According to a Nielsen study, reach and targeting combined contribute with 31% of sales generated by advertising. The understanding of targeting and frequency across media, browsers and devices are highly important advertising elements to enable incremental sales gains.
Advertisers, agencies and media companies invest heavily in technology, which in theory should facilitate the optimal campaign efficiency against advertiser objectives. But as it is often the case, there is a gap between theory and practice.
Despite our collective human efforts combined with the wonders of technology, algorithms and data, too often campaign exposure is not accurately reaching the intended target group. In fact, according to AudienceProject who has taken a look at 13.000 audience-targeted digital campaigns from 2018 across 6 markets, the industry average accuracy is around 45%.
Now, accuracy should be seen as relative to the incident rate of the target group in the online population, and therefore in many cases, 45% could be a satisfying result. E.g. if you are trying to reach 18-24-year-olds, which make up 15% of the online population. In that case, you would have achieved an affinity of 300. Well done!
However, taking the incident rate into perspective, the average affinity (index) in our industry, ranges around 115. The study does not take into account if media buyers were using contextual targeting, media affinities, re-targeting or any other approach to target the desired audience.
But in a world where 90% of all data has been created in the past 2 years (that is worth re-reading!) and we have access to an infinity of tools, what are the reasons for us not being able to do a better job of targeting the right consumers? There is no single answer to this, but here are the top five reasons:
1. We under-measure. It sounds bizarre that digital is under-measured. But when it comes to the audience, it is. Our best estimate is that under 10% of digital campaigns have the audience properly measured (reach, frequency, accuracy, demographics, affinity achieved etc.). The consequence of not measuring the audience on campaigns is that we navigate without a map and a compass. How can you know what to change if you don’t know how you are doing? Just as we measure fraud, viewability, impressions and clicks, audience measurement should be “license to operate” when buying and selling media.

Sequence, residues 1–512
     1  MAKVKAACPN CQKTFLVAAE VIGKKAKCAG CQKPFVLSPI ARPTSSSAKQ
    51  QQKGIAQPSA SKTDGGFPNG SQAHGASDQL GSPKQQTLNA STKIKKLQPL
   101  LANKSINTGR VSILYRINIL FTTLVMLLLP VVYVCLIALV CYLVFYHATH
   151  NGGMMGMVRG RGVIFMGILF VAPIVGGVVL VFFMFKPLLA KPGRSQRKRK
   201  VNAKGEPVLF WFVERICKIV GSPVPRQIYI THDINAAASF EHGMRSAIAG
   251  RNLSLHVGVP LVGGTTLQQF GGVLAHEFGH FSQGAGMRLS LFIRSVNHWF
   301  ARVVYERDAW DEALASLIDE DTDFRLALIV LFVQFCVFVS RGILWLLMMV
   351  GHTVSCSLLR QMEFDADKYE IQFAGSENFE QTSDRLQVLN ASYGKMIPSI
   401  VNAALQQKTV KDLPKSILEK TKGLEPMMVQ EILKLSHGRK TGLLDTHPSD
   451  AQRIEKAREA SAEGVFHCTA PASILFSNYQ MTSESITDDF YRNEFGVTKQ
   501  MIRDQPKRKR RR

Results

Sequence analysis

2. Data segments are used incorrectly in combination. Using multiple segments to target a campaign often leads to unexpected results. Let us imagine you are using a female segment where the accuracy of the segment is 80%, and you overlay that with a sports segment. The underlying gender split of the sports segment could very likely be leaning towards men, e.g. 75%. In that scenario, it must be expected that the male part of the female segment is overrepresented in the overlap between the two segments, and therefore you end up having a much lower accuracy against females than 80%, which you might intuitively think.
3. The same dataset behaves differently when applied to specific media. This use case is similar to #2. Let us take the same female segment again and imagine you apply that to the auto section of a news publisher. As the auto section is over-represented by males, the female segment will under-deliver in this context, as the ad server will serve ads to the IDs in the female segment who are actually males.
4. The same dataset behaves differently when applied to specific devices/OS. The same logic applies as to #2 and #3 above, if you are applying e.g. an age segment of 50+ on iOS devices, probably your accuracy will suffer, as the iOS audience is under-representing the 50+ audience compared to the online population distribution.
5. Targeting data is unvalidated. Where the incorrect application of targeting data makes the main explanation for why digital campaigns are not effectively reaching the desired target audience, we also have to take a close look at the quality of the data itself, before it is applied to media. The prediction of UIDs into different segment classifications is always done on the back of a set “confidence score” based on the behavioural log lines connected to the specific ID. It indicates how certain the prediction engine is that the UID does, in fact, match a particular segment. The lower the “confidence score”, the lower the accuracy of a segment, but the bigger the volume of the segment. The accuracy of a segment is always achieved as a trade-off to reach. The physical consequence of this is that data segments come in very different levels of quality. So even if you are buying a female segment, the accuracy of the segment can vary a lot. To be on the safe side, shop validated audiences.
I choose to see 45% hit-rate in target group across our industry as a massive opportunity to increase advertiser efficiency in driving incremental reach for their investments. Regardless if you are an advertiser, agency or media company, the first step is to audit verify the audience efficiency of your own in-house day to day operations. The second step is to secure that you work with the right data vendors and that people handling data understand the limitations just as well as the opportunities. The third step is to consistently measure the audience on campaigns to document improvement and efficiency.